As a film critic I watch at least a movie almost every single day. And yet somehow there are films that still slip through the cracks and I haven’t seen despite them being quite popular and even iconic. This is the whole purpose behind this blind spot series. Well, a couple of months ago I was talking to my friend Larry and he was shocked I haven’t seen the musical biopic Selena. This is a favorite film of his (see his review above) so I knew I must put it on my blind spot picks for 2021.

Selena tells the story of Tejano singing star Selena Quintanilla-Perez who shot up into fame on the Mexican charts (even winning a grammy in the category) before being tragically killed by an employee at the age of 23.

Jennifer Lopez shines playing Selena. First of all, she looks so much like her that there really was nobody else who could have played the role. Also the film lives and dies in the staging of the musical sequences. Some of the more dramatic sequences feel a little weak in the acting departments but the film knows this and gets quickly back to the music. We get to see Selena’s charisma on the stage and how she could truly captivate an entire stadium.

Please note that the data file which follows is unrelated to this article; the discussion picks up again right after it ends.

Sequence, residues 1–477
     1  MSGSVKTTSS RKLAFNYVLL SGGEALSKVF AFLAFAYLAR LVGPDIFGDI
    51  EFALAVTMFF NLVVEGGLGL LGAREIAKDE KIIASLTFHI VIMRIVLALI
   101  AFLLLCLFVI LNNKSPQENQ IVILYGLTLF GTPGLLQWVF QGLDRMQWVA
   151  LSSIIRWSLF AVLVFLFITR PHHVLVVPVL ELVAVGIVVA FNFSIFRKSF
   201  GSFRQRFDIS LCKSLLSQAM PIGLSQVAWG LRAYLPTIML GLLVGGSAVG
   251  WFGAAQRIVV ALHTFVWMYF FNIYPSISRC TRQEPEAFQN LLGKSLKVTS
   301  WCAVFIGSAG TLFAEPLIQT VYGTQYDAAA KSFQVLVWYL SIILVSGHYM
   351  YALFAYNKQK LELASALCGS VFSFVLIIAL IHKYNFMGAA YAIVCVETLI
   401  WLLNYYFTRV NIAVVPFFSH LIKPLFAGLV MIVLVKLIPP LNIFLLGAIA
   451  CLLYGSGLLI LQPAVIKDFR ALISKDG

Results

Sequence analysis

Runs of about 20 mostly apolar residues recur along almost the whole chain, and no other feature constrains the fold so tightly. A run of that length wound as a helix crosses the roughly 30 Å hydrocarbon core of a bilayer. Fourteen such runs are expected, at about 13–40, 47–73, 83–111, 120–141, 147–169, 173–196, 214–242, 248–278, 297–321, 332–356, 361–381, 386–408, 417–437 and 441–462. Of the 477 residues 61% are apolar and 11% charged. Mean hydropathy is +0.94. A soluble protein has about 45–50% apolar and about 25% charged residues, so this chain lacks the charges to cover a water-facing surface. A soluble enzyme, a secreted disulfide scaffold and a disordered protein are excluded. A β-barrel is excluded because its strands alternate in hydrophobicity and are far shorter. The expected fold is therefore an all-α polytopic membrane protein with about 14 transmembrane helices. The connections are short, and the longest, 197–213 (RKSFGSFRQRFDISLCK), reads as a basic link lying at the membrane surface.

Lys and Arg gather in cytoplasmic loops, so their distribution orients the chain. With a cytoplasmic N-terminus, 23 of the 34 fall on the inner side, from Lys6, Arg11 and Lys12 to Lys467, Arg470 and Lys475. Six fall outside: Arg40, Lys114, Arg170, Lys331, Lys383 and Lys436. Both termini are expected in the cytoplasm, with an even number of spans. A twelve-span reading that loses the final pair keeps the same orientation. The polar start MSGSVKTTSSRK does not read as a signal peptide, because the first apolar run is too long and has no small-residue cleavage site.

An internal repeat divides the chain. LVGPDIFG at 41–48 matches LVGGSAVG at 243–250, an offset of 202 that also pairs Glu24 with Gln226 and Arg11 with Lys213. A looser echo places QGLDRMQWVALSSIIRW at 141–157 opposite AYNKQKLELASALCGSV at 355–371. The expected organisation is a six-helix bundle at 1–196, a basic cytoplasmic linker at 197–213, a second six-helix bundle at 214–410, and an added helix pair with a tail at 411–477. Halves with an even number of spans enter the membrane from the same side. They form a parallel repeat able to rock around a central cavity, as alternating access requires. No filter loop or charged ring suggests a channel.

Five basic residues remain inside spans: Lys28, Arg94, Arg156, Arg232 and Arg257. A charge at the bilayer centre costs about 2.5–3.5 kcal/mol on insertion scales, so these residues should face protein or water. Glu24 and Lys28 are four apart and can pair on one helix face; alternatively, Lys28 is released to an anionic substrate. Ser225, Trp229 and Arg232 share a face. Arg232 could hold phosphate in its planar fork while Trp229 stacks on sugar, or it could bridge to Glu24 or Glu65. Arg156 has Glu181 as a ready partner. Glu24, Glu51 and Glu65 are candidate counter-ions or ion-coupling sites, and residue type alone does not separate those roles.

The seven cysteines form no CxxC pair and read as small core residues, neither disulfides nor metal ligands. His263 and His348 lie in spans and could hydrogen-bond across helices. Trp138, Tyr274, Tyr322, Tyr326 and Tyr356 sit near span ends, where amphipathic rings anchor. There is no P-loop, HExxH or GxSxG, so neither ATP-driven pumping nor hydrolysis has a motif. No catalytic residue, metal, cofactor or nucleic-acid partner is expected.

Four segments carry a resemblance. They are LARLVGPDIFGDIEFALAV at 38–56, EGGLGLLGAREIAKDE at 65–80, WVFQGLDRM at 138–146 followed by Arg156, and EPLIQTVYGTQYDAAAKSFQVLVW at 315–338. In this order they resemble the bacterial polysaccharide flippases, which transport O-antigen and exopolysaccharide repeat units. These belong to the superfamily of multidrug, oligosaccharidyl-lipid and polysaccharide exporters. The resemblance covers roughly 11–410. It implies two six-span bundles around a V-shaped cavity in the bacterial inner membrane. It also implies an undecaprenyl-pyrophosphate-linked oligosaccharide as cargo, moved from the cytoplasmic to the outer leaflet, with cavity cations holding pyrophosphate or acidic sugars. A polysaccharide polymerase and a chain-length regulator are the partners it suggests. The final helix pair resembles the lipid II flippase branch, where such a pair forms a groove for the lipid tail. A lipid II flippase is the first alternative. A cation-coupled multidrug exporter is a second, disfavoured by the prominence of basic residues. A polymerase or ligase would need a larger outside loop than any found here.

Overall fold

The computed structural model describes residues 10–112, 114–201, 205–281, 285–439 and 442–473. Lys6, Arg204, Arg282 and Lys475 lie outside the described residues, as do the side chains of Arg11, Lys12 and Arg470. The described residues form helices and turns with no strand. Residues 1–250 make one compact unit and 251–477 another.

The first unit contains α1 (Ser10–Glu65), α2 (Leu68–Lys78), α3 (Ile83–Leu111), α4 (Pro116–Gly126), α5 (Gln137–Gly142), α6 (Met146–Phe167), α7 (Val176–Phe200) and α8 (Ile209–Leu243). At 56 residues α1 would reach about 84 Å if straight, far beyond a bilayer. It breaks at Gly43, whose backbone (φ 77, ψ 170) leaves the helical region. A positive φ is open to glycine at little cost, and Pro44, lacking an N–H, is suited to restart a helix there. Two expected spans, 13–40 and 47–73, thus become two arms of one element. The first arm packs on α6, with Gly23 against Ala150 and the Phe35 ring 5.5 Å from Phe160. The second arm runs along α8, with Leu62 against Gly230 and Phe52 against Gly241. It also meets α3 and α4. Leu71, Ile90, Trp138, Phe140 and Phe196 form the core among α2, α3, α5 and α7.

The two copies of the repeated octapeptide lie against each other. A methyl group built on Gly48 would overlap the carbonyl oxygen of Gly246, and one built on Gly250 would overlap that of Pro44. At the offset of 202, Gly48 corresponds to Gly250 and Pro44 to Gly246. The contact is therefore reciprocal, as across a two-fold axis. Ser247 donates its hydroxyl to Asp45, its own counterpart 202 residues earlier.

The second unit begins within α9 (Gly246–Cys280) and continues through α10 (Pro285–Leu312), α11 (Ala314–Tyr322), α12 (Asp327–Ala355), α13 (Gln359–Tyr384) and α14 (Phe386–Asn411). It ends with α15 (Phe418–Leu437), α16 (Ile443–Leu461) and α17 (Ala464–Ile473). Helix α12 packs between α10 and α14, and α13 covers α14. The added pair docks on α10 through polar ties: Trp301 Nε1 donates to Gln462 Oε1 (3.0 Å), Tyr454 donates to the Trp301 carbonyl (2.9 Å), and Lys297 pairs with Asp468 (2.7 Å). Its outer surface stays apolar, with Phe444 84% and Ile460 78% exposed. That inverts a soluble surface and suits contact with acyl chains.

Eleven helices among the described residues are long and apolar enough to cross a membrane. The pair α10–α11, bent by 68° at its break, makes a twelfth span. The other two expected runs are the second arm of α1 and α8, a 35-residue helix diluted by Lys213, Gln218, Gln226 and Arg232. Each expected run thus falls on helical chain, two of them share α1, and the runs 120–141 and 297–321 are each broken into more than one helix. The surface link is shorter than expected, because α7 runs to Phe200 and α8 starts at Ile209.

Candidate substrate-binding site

Director Gregory Nava smartly frames the film around her final breakthrough show at the Houston Astrodome. With a story with such a sad ending it gives her a moment of triumph which helps it feel rewarding while also of course being still sad. We at least know she got her moment.

The script also gives most of the meatier dialogue to veterans like Edward James Olmos who plays Selena’s father Abraham Quintanilla. I particularly liked a speech he gives about the Catch-22 of being a Mexican American: